Thousands homeless as blaze guts Greece’s main migrant camp

LESBOS ISLAND: Greece’s Lesbos island was plunged into crisis on Wednesday after thousands of asylum seekers were left homeless from a huge fire that gutted the country’s largest and most notorious migrant facility, Moria camp.
The civil protection agency declared a four-month emergency for the island of 85,000 people and Germany urged EU states to take in the camp’s survivors.
“With the European Commission and other EU member states that are ready to help, we need to quickly clarify how we can help Greece,” German Foreign Minister Heiko Maas, whose country holds the presidency of the bloc, said on Twitter.
“That includes the distribution of refugees among those in the EU who are willing to take them in,” he added.
EU home affairs commissioner Ylva Johansson said the bloc would finance “the immediate transfer and accommodation on the mainland of the camp’s remaining 400 unaccompanied children and teenagers.”
Norway on Wednesday offered to take in 50 Syrians from Moria — though Greece has currently banned the camp’s former residents from leaving the island.
An exception will be made for the 400 minors, a migration ministry source told state agency ANA.
Over 12,000 men, women and children had overnight fled in panic out of their containers and tents into nearby olive groves and fields as the fire destroyed most of the overcrowded, squalid camp.
The blaze started just hours after the migration ministry said that 35 people had tested positive at the facility, among 2,000 tests conducted on residents and staff.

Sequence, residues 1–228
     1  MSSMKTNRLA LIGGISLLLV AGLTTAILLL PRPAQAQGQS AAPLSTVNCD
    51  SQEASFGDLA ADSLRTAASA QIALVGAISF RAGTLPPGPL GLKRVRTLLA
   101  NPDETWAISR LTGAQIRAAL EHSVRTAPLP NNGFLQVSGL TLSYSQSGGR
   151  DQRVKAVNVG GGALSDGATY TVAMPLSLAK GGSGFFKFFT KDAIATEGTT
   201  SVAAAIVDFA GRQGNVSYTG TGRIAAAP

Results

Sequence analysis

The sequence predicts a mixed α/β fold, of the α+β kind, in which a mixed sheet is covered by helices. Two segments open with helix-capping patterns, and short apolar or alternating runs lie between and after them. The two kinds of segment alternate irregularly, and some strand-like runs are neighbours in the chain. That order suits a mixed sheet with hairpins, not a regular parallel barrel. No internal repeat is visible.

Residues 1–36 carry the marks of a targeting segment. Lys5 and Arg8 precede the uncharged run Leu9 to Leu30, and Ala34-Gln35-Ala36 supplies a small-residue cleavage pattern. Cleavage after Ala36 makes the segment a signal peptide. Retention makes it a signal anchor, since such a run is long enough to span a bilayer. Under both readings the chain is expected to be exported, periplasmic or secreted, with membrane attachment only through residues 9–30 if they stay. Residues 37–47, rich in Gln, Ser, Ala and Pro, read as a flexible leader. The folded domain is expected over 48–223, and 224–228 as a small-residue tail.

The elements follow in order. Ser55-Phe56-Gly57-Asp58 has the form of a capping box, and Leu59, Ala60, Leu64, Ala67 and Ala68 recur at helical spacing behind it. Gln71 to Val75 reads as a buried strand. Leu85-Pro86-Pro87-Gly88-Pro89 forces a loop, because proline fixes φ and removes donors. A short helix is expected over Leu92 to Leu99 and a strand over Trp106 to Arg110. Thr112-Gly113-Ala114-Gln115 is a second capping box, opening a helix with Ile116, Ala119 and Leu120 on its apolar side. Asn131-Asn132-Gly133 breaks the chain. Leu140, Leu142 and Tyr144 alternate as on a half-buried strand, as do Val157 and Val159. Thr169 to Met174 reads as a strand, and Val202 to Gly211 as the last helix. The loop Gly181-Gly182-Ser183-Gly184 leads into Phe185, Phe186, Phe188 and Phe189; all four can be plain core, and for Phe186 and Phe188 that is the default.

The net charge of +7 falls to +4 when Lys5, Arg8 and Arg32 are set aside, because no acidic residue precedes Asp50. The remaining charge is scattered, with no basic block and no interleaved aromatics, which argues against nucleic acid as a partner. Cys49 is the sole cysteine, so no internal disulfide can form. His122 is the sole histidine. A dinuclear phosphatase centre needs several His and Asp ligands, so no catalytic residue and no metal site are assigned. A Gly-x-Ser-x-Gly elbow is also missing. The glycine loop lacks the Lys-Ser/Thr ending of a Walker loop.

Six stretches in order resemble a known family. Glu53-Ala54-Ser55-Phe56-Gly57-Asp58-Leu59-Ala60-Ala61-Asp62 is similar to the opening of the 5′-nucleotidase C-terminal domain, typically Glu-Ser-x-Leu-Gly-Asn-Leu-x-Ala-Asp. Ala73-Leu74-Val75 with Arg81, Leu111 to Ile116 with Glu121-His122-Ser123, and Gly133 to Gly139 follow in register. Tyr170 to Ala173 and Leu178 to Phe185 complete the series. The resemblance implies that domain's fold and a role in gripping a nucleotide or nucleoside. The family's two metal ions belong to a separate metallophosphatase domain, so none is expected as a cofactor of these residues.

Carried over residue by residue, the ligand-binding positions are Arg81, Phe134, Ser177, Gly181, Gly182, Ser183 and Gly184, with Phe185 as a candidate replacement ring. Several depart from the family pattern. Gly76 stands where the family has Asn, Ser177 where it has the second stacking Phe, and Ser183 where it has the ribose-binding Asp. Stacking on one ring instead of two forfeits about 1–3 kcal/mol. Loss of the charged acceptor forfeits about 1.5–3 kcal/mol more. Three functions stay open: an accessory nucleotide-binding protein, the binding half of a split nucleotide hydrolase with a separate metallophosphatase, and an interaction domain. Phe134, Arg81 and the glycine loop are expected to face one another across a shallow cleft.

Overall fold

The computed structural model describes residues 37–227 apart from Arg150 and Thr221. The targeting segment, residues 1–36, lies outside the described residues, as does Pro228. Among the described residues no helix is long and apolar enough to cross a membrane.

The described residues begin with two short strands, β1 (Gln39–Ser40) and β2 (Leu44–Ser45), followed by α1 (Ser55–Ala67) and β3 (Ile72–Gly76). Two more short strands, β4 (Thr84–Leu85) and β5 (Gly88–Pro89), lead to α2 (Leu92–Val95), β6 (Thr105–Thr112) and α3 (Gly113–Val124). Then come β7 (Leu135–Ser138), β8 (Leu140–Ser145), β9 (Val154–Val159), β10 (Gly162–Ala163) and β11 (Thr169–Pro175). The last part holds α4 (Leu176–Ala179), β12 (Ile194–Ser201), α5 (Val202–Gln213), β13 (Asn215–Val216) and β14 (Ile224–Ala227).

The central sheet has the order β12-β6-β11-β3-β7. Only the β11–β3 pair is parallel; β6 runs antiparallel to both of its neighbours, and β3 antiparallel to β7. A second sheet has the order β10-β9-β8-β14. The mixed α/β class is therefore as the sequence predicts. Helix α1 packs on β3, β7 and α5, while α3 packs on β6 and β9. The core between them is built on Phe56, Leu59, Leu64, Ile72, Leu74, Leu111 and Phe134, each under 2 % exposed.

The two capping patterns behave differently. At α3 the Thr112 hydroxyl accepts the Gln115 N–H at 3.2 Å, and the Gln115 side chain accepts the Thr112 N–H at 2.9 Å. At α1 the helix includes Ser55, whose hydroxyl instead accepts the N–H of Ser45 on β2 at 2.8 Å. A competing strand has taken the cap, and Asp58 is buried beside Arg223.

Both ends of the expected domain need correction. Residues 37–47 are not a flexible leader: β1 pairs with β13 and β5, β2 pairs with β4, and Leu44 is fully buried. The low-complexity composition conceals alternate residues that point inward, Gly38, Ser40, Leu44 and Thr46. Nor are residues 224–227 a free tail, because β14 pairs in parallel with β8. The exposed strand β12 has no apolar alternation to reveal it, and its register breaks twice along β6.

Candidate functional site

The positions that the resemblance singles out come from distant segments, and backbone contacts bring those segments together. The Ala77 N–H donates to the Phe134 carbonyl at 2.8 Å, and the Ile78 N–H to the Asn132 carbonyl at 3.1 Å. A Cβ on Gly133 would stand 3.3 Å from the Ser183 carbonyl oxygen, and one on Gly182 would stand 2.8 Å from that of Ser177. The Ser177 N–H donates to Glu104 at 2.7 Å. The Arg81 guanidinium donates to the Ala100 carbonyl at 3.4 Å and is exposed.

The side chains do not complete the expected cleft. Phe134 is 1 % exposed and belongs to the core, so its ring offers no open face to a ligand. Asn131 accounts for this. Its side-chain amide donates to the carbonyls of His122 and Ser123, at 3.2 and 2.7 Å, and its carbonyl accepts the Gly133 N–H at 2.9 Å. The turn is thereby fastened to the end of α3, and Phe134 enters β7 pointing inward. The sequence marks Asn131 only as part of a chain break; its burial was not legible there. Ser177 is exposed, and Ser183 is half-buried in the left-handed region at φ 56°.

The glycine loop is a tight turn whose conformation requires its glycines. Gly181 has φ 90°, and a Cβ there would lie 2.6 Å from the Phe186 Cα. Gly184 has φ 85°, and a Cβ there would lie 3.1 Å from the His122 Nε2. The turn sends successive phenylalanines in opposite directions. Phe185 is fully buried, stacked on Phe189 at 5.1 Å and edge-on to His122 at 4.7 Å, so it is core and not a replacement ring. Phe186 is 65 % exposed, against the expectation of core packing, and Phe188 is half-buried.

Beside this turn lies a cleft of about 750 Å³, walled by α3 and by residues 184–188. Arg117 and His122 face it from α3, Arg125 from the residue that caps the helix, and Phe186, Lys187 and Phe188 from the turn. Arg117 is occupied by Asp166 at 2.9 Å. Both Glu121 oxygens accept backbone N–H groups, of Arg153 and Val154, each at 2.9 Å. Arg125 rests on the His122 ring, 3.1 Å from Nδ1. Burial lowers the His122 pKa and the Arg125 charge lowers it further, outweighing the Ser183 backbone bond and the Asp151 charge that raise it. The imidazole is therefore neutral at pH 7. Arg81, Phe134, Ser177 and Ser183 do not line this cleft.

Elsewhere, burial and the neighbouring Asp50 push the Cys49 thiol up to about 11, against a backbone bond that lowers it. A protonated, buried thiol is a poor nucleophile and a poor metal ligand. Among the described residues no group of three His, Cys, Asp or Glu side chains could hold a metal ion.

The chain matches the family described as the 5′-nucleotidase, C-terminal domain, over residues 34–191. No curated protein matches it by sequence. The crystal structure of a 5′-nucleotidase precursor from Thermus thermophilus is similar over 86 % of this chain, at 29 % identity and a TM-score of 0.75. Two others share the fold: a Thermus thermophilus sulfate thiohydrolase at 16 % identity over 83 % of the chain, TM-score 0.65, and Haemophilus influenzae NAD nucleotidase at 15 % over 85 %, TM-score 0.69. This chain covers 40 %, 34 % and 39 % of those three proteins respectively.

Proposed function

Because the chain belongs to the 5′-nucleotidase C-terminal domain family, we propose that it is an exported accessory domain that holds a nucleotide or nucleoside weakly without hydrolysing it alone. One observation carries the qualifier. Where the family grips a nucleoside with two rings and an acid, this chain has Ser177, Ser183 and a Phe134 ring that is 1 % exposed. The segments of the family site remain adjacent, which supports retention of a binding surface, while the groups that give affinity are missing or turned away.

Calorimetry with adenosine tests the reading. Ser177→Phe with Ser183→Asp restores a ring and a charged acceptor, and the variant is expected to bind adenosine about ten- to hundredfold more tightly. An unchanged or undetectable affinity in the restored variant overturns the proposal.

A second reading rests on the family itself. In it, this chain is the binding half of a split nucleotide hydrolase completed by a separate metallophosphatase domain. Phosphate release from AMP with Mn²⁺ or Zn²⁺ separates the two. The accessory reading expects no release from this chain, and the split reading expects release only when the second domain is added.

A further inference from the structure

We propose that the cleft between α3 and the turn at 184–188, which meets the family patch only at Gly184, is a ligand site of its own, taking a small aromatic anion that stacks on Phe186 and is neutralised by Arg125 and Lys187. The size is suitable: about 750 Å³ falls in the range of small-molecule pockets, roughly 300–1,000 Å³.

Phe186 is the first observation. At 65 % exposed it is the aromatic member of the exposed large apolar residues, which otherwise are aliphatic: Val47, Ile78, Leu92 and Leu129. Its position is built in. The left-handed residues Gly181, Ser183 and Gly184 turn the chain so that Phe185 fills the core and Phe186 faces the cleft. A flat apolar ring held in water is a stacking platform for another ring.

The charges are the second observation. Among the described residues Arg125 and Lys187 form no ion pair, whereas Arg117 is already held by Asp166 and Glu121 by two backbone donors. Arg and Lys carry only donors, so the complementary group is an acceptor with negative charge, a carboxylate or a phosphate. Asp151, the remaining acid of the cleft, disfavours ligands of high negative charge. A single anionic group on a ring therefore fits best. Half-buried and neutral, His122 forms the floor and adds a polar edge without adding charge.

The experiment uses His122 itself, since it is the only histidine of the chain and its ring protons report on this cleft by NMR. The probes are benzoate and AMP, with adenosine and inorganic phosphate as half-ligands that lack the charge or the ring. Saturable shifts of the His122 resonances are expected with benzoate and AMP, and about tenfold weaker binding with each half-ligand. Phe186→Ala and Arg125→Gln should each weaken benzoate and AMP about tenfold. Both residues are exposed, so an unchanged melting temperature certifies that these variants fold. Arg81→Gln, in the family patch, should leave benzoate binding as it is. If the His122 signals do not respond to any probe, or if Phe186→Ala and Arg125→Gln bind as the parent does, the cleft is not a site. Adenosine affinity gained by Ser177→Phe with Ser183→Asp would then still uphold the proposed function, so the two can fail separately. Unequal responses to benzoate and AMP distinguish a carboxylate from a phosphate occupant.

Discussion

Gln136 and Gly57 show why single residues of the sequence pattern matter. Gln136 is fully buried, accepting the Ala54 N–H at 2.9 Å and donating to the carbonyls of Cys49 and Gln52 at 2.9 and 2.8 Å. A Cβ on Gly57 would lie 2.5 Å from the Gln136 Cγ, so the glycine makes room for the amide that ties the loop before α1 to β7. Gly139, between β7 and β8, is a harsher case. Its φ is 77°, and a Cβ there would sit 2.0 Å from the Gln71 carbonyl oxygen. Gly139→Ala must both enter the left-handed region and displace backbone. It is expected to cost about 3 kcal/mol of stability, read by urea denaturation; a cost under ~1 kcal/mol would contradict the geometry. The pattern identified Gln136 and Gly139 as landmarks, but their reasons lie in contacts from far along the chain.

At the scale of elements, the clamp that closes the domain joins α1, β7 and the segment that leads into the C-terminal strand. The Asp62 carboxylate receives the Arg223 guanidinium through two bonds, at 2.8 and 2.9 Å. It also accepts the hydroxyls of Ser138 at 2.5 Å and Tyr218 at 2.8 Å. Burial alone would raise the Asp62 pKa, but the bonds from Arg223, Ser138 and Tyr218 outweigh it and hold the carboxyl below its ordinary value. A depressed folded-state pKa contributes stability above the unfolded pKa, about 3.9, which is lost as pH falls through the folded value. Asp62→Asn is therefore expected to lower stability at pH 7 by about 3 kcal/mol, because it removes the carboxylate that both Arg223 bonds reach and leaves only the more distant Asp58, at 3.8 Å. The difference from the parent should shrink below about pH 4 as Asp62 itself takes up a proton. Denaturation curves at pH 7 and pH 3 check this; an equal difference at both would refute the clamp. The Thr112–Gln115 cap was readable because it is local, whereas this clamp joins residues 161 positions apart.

The UN refugee agency said it had deployed staff to assist Greek authorities, noting that there were over 4,000 children among the displaced in addition to pregnant women and elderly people.
“We have been informed about reports of tensions between people in neighbouring villages and asylum seekers who were trying to reach Mytilene’s town. We urge all to exercise restraint,” the UNHCR said, calling on the camp’s former residents to stay in the area with efforts to find them shelter underway.
Citing anonymous police sources, Greek news agency ANA reported that the fires had started after a revolt by people who were to be placed in isolation, but there was no official confirmation.
A local town official said the perpetrators had taken advantage of strong winds and deliberately set tents on fire.
“It was premeditated. The tents were empty,” Michalis Fratzeskos, deputy mayor for civil protection, told state television channel ERT.
Firemen said there were no known casualties so far, although a number of people were suffering minor respiratory problems.
Dozens of people were milling among charred containers, some carrying away belongings, others snapping cellphone pictures. — AFP